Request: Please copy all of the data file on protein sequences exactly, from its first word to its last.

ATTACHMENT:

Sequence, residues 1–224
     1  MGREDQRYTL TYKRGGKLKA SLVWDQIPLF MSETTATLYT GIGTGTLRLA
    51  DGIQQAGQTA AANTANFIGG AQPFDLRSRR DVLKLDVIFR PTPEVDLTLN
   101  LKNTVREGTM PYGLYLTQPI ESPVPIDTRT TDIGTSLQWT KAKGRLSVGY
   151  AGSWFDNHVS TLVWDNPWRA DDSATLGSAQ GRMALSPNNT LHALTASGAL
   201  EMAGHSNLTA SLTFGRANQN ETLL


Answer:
Sequence, residues 1–224
     1  MGREDQRYTL TYKRGGKLKA SLVWDQIPLF MSETTATLYT GIGTGTLRLA
    51  DGIQQAGQTA AANTANFIGG AQPFDLRSRR DVLKLDVIFR PTPEVDLTLN
   101  LKNTVREGTM PYGLYLTQPI ESPVPIDTRT TDIGTSLQWT KAKGRLSVGY
   151  AGSWFDNHVS TLVWDNPWRA DDSATLGSAQ GRMALSPNNT LHALTASGAL
   201  EMAGHSNLTA SLTFGRANQN ETLL